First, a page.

Vito’s of Port Jeff pairs housemade Italian entrees with one of the world’s best side dishes: live music. Every Friday, Saturday, and Sunday night, performers such as opera virtuoso Carmelo Raccuglia and lounge singer Randy Berlient serenade diners with their silky-smooth vocals. Elvis impersonator Rick Virga also swings by the dining room to perform the King’s hit tracks and recite transcripts of his best-loved takeout orders.
Though these performers’ catchy ditties set toes to tapping, the restaurant’s old-world cooking still manages to steal the spotlight every night. Vito’s seasoned chefs sauce delicate cuts of seafood or hearty portions of chicken and veal, and they bake stuffed pastas until they bubble over with cheese and marinara.
Southern, Cajun, and Mexican influences all show up on the menu at Eldorado Southern Grille, an eatery with décor inspired by roadhouses and barbecue joints across America. Bacon-and-cheddar-stuffed burgers, beef brisket with fried onion straws, and chicken wings tossed with cilantro-Grand Marnier sauce are just a few options. Flat-screened TVs broadcast sports games while bartenders pour draft beers and mix signature cocktails such as the Mexican Iced Tea—a Long Island iced tea topped with Cafe Patron.
Brightly colored pennants embellish the ceiling at Port Jeff Bowl, but bowling skills demonstrated in the lanes below are what attract attention. Players hurl balls toward pins for fun or team up with peers to play in one of many leagues, divided by age and whether or not a player is tall enough to ride a roller coaster. On Tuesday nights from 9:30 to midnight, athletes enjoy an unlimited amount of fun during Bottomless Bowling. And after hours spent satiating competitive impulses built up over years of being benched during tag, patrons can quench thirsts and appetites with a beer and bite at Splitz Sports Bar. The alley also hosts parties and private events for up to 200 guests, which lets partygoers pair play with pizza, soda, or buffet fare in the 11th Frame Lounge.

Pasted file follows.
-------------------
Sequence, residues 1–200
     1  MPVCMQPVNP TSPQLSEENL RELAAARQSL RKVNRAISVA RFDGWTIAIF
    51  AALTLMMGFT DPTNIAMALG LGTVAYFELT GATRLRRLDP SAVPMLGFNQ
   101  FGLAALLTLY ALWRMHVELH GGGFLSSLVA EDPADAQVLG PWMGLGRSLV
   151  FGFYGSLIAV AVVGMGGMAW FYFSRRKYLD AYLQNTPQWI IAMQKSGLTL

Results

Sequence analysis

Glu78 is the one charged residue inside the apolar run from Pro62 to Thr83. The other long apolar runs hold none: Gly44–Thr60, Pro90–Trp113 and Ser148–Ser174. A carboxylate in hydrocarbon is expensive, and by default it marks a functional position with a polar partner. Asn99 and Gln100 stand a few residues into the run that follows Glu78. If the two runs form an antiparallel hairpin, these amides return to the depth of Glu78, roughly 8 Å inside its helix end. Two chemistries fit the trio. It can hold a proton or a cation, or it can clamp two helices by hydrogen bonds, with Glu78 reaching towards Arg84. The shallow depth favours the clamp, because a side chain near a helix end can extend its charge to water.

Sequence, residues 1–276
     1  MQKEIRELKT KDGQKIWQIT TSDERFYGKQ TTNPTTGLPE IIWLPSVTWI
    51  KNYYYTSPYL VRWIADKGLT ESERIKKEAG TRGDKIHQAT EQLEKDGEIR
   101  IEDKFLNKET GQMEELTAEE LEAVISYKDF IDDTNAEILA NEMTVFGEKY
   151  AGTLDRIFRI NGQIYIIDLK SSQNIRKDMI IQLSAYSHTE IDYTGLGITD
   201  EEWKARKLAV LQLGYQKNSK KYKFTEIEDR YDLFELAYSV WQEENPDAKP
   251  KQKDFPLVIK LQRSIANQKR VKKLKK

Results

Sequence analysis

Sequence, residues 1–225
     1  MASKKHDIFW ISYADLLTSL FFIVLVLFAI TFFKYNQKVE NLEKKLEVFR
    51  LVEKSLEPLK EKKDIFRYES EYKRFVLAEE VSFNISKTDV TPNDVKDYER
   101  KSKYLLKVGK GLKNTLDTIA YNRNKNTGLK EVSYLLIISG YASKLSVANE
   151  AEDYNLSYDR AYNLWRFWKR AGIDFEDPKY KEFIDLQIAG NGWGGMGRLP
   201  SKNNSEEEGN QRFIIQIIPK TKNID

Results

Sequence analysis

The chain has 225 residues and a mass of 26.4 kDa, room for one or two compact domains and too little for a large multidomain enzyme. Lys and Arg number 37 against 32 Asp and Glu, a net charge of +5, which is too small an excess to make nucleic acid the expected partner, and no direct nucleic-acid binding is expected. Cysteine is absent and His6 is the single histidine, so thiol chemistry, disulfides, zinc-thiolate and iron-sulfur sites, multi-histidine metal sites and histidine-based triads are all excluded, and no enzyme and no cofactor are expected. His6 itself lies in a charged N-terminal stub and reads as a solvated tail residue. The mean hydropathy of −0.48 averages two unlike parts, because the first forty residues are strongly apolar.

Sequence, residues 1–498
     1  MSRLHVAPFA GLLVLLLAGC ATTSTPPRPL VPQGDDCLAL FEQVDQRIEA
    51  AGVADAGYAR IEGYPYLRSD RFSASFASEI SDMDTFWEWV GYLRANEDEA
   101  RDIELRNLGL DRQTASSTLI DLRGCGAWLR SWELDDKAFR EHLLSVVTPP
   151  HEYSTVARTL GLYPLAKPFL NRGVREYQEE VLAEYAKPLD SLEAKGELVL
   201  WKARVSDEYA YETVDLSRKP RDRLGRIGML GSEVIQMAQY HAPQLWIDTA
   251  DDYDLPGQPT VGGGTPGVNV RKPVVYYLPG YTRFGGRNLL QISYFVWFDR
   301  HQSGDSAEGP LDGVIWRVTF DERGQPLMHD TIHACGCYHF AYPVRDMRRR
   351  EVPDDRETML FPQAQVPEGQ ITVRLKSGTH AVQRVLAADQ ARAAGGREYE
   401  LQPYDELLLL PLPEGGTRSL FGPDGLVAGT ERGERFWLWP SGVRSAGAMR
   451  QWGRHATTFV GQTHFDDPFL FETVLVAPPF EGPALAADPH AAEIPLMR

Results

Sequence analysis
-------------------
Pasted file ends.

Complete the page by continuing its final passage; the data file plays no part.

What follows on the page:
Long Island's Hana Japanese Restaurant dishes out sushi, teriyaki, and other Asian cuisine beneath the glow of lantern-like hanging lamps. Within the moss-green walls of the dining room, diners feast on maki rolls and sashimi feasts; exposed wooden rafters recall the restrained aesthetics of traditional Japanese architecture. Korean dishes such as bulgogi and bibimbap round out the dinner menu, and diners can cap off meals with fried or regular ice cream in flavors such as green tea or ginger.
With four generations of culinary wisdom running in their blood, the Pace family has a pretty good idea of what it takes to run a successful restaurant. Foremost on the list are top-notch ingredients—all meat served at Pace’s Steak House is handpicked in New York City’s famed meatpacking district and aged onsite in aging rooms filled with special lights and fans. After aging, some cuts are marinated for 24 hours. The menu's meatier selections—sizzling rib eye, filet mignon, and porterhouse steaks—are supplemented by oysters on the half shell, fresh seafood steaks, and a wine list, which includes 15 wines by the glass.